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High Impact Action: Ready to go - no delays

Increase the number of patients in NHS provided care who have their discharge managed and led by a nurse or midwife where appropriate.

See all of the submissions within this category.

Extent of the problem

Simple discharges make up approximately 80% of all discharges (Lees; 2004). The Department of Health (DH 2004) states that changing the way in which discharge occurs for this large group of patients would have a major impact on patient flow and effective use of the bed capacity. This will in turn both reduce delays and improve patient experience by helping to ensure that patients are fully informed about the process for leaving hospital.

The move towards nurse led discharge has been, in part, a response to an overall shift in discharge activity brought about by shorter lengths of stay, increasing patient throughput and the increasing acuity of patients admitted to hospital. The importance of nurse led discharge has been highlighted in government plans to overhaul the NHS discharge process (Chatergee 2004).

Benefits for patients and benefits for NHS

Benefits of nurse led discharge include a more timely planned discharge for the patient with fewer delays leading to a more positive patient (and family) experience as well as a lower risk of healthcare associated infections.

The 2009 Annual Health Check, published in October 2009 by the Care Quality Commission, has revealed the proportion of hospitals failing to hit a target to reduce delayed transfers has increased by 12% in the past two years. Nearly a quarter of trusts (24%) failed to meet the required standard for delayed transfer of care, up from 21% in 2006-07

It is estimated that for an average patient on an NHS surgical ward it costs up to £400 per day, indicating real financial benefits to reducing length of stay (Webber-Maybank & Luton; 2009). It is estimated that a reduction in length of stay of between two and six days per patient could save NHS trusts £15.5m-£46.5m a year in total (NAO; 2000).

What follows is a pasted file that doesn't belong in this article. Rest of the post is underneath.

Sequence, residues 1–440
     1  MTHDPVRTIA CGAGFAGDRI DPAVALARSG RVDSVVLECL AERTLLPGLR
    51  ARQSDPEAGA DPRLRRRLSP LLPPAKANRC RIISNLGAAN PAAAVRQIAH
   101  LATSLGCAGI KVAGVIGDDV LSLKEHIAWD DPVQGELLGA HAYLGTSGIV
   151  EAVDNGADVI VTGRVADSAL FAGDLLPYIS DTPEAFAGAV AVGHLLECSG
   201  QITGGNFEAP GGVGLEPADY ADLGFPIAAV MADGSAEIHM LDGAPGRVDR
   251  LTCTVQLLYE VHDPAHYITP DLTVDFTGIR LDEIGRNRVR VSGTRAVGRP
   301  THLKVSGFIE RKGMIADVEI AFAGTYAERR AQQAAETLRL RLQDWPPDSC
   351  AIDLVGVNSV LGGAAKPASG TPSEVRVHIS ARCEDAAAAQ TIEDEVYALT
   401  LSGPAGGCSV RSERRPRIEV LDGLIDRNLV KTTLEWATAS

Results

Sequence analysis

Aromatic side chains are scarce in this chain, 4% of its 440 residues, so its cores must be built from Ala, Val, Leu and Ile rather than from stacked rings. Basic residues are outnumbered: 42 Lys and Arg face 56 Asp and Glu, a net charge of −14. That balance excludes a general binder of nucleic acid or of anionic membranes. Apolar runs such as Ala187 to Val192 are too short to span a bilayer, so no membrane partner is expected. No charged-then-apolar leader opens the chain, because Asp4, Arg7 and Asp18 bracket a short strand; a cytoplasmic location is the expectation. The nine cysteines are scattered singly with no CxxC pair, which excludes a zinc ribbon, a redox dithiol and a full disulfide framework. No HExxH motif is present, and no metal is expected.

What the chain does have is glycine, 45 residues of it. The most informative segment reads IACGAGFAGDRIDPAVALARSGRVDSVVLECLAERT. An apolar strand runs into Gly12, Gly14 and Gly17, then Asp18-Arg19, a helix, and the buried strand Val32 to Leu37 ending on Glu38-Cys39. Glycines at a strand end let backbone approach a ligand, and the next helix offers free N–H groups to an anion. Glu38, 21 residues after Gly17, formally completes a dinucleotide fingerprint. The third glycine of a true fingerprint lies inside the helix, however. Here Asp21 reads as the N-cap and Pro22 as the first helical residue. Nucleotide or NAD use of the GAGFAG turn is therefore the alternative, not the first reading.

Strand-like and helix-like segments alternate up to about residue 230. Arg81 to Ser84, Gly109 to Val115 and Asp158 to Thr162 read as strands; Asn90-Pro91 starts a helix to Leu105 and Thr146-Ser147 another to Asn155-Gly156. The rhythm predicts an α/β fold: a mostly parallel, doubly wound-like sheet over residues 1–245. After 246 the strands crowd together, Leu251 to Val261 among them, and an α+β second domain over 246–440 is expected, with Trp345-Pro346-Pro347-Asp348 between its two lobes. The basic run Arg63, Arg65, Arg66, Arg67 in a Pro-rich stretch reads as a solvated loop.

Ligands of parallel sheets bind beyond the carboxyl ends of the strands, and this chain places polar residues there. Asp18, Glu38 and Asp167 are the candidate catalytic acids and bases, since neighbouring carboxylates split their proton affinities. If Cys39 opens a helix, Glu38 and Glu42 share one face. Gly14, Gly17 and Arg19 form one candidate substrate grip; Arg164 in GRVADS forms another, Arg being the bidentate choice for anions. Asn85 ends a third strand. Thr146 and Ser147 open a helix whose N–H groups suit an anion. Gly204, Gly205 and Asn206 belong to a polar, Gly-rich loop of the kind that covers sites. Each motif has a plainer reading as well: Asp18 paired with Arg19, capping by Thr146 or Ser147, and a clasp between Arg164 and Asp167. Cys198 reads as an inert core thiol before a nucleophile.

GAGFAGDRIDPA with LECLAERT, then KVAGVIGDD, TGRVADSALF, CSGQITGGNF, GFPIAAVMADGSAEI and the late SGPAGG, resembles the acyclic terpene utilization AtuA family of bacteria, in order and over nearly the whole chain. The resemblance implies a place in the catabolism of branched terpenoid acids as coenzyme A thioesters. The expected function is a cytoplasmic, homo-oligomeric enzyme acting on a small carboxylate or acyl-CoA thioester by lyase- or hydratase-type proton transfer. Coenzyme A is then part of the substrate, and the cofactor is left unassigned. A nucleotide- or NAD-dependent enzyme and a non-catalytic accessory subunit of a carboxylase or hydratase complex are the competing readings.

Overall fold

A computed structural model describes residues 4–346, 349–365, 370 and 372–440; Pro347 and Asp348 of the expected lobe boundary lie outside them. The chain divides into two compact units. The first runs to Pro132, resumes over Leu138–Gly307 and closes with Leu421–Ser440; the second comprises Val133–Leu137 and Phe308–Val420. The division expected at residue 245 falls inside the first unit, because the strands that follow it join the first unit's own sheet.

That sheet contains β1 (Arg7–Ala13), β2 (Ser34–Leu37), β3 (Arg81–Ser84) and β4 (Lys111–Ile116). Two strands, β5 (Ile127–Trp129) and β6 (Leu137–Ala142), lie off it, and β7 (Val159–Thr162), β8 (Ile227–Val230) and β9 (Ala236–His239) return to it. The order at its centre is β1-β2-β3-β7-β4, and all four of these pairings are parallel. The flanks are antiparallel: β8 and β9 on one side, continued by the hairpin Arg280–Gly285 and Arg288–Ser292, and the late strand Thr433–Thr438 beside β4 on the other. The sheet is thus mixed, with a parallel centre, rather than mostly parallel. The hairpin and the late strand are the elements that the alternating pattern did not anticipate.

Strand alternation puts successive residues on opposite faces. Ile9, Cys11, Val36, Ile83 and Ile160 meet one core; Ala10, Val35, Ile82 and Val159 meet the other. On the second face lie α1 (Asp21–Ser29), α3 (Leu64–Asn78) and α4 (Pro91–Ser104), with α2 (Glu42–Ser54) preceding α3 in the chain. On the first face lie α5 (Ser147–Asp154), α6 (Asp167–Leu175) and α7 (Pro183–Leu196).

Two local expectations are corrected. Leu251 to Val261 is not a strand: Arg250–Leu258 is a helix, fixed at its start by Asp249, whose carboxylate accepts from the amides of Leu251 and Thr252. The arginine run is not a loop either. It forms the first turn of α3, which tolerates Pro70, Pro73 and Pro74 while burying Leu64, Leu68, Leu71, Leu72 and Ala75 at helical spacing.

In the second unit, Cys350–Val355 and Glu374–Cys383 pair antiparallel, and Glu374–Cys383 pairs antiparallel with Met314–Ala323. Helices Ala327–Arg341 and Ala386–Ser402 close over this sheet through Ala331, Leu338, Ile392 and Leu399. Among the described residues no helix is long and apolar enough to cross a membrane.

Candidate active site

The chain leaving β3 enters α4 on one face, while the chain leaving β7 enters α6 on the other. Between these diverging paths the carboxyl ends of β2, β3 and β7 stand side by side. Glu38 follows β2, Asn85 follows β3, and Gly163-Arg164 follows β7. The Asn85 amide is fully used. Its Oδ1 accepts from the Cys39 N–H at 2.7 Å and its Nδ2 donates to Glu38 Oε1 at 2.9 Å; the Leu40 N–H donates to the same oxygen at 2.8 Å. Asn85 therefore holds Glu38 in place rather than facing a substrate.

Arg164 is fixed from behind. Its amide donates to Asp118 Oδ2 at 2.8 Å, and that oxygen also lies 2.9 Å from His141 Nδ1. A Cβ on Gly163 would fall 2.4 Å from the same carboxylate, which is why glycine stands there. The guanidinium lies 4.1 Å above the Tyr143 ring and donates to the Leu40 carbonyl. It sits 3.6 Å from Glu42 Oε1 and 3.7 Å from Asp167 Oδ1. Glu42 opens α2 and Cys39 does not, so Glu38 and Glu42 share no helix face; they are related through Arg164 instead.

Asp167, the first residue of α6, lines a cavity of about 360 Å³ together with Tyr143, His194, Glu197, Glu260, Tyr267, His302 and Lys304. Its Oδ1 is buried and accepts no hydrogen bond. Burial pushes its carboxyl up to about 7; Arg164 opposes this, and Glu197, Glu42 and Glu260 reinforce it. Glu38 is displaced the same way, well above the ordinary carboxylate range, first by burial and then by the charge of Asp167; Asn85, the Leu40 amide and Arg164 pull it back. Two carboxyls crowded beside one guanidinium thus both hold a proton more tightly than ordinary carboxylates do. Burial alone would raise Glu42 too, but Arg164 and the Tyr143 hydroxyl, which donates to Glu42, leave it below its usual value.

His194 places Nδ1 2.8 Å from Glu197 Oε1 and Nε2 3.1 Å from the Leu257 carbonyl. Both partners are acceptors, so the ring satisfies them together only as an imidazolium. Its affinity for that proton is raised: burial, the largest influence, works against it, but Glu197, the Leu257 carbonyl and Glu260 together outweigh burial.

HIA front-line submission

The establishment of THREADS (Taunton Hospital Early Assisted Discharge Scheme) has meant that patients admitted to hospital with an exacerbation of chronic obstructive pulmonary disease (COPD) are discharged home early and cared for by a dedicated team until well. Patients are educated comprehensively about their disease and they are offered pulmonary rehabilitation. The national average length of stay in an acute bed is 6 days. THREADS reduces this to 0-3 days (60% of patients of which 25% less than 2 days) 4-7 days 33%. Over a year period taking into account all costs and the reduction in bed days resulted in a cost saving of £42,550.


Care Quality Commission (2009) Annual Health Check. Performance Ratings. Accessed via annualhealthcheck2008/09.cfm

Chatterjee, M. (2004) Nurses to take over simple discharge. Nursing Times; 100: 35, 2.

Department of Health (2004) Achieving timely simple discharge from Hospital. A toolkit for the multidisciplinary team. Accessed via /@en/documents/digitalasset/dh_4088367.pdf

Lees, L. (2004) Making nurse-led discharge work to improve patient care. Nursing Times; 100: 37, 30.

National Audit Office (2000) Hip Replacements: Getting It Right First Time. London: NAO.

Webber-Maybank, M., Luton, H. (2009) Making effective use of predicted discharge dates to reduce the length of stay in hospital. Nursing Times; 105: 15.

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